An example of irony in Montag's chase is that it becomes such a huge media event, while actually being of little significance. Helicopters fly over the city and a second Mechanical Hound is set loose to hunt Montag; the populace is entreated to find Montag, to turn him in or restrain him, and all the reports show him as a homicidal lunatic, of great danger to the city. In the middle of this, he overhears a radio report:
Through the aluminium wall he heard a radio voice saying, "War has been declared." The gas was being pumped outside. The men in the beetles were talking and the attendants were talking about the engines, the gas, the money owed.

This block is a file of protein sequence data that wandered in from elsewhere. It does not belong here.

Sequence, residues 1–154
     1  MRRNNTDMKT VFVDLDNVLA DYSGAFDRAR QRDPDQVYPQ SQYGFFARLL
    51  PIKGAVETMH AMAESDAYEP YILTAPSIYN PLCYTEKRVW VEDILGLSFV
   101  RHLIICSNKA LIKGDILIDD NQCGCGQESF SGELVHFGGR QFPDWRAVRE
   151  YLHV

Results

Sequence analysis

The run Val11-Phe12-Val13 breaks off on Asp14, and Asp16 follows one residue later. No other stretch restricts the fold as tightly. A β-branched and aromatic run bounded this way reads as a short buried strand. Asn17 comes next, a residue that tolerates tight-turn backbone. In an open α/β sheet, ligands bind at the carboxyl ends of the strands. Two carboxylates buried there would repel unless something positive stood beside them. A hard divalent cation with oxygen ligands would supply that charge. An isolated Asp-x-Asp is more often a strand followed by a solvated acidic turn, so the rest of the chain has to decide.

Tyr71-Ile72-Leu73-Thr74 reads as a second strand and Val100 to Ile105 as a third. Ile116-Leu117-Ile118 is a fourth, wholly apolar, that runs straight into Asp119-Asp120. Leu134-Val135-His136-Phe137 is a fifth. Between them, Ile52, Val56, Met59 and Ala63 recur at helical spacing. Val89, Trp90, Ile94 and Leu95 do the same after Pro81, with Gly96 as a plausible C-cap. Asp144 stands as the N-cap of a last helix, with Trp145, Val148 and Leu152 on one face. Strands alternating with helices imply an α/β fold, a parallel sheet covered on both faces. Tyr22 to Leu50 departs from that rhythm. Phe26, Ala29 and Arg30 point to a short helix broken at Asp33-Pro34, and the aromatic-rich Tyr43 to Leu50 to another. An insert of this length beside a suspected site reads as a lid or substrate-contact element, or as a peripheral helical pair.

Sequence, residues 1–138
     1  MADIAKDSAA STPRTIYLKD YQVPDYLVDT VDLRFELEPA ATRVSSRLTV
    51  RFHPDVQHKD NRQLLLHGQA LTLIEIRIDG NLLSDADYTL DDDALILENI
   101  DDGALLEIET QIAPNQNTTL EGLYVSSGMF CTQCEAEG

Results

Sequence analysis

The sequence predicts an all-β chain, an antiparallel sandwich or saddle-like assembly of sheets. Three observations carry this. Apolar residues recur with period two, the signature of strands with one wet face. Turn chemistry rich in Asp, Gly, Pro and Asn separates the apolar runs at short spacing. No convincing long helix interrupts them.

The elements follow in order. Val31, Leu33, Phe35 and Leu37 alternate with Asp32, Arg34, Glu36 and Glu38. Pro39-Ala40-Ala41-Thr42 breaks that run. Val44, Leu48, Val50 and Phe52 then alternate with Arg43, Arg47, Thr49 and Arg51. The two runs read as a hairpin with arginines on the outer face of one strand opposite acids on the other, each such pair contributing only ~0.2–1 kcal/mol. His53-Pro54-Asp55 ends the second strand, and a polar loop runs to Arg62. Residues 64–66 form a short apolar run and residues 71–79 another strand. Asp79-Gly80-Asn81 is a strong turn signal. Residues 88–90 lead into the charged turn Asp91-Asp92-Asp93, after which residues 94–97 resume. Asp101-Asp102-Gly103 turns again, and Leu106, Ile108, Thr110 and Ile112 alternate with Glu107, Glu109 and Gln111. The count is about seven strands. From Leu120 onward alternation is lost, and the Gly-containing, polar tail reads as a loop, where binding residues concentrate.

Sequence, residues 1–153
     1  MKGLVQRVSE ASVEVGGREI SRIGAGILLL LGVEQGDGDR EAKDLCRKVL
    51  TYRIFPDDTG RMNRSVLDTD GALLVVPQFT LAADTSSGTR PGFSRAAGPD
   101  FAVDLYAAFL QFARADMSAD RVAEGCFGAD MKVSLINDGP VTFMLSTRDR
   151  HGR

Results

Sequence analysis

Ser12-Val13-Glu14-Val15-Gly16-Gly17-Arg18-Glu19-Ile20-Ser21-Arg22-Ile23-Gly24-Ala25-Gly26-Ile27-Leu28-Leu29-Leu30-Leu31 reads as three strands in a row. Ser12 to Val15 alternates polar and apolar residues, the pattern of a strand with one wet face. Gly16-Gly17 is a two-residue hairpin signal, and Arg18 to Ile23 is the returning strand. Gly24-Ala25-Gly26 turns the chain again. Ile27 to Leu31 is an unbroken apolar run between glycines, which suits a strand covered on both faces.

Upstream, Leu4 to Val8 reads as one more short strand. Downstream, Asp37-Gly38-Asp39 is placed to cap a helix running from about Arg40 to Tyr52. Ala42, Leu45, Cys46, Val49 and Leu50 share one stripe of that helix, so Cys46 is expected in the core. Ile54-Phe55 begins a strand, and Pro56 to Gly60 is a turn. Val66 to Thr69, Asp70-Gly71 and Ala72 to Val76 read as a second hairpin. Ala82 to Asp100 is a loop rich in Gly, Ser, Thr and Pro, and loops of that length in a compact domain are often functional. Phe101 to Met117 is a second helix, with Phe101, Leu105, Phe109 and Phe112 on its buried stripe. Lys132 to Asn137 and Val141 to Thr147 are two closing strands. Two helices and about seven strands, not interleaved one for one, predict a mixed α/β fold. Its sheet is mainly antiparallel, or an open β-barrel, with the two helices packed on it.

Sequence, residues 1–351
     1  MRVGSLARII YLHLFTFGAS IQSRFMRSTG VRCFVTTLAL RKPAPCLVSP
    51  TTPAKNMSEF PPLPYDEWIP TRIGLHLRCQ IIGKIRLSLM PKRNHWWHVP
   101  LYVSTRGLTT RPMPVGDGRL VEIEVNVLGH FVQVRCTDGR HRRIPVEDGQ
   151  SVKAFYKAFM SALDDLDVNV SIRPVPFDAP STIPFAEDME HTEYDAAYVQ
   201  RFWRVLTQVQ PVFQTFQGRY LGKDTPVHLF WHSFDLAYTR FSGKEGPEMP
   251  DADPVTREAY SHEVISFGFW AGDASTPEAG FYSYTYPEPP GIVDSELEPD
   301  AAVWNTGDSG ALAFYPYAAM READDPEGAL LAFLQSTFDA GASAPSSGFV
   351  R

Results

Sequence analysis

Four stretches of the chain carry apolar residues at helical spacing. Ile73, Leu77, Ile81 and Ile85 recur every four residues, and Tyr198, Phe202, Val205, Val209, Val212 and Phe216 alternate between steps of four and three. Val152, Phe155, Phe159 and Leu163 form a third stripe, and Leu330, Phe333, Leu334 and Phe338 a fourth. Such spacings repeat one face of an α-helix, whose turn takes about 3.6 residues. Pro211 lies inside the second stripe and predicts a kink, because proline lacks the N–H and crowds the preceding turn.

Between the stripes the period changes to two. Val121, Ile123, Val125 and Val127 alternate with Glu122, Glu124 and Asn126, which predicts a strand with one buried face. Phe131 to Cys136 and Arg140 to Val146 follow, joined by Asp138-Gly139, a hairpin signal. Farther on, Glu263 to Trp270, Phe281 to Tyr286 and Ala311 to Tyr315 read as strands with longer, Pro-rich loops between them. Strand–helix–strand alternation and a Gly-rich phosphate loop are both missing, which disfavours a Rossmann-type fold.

(Bradbury, Fahrenheit 451, Google Books)
The war, which has been hinted throughout, has finally started; this is a war that will ultimately destroy the entire city. However, the people watching their televisions only see the danger of Montag, a single person who has read a book. The irony is that the government is so obsessed with controlling the news media and the popular opinion that the entirely ignore the impending war in favor of a sensationalistic story endangers no one, and is of no consequence when the bombs level the city.